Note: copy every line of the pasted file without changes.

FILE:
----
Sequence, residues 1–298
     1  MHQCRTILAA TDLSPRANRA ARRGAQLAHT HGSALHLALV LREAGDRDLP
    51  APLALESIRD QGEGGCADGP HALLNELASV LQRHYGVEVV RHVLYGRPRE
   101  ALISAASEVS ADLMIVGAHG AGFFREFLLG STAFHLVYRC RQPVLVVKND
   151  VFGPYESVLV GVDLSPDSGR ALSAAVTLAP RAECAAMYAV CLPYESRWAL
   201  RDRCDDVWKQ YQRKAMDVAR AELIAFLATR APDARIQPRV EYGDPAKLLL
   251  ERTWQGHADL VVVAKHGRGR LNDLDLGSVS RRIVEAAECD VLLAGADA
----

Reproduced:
Sequence, residues 1–298
     1  MHQCRTILAA TDLSPRANRA ARRGAQLAHT HGSALHLALV LREAGDRDLP
    51  APLALESIRD QGEGGCADGP HALLNELASV LQRHYGVEVV RHVLYGRPRE
   101  ALISAASEVS ADLMIVGAHG AGFFREFLLG STAFHLVYRC RQPVLVVKND
   151  VFGPYESVLV GVDLSPDSGR ALSAAVTLAP RAECAAMYAV CLPYESRWAL
   201  RDRCDDVWKQ YQRKAMDVAR AELIAFLATR APDARIQPRV EYGDPAKLLL
   251  ERTWQGHADL VVVAKHGRGR LNDLDLGSVS RRIVEAAECD VLLAGADA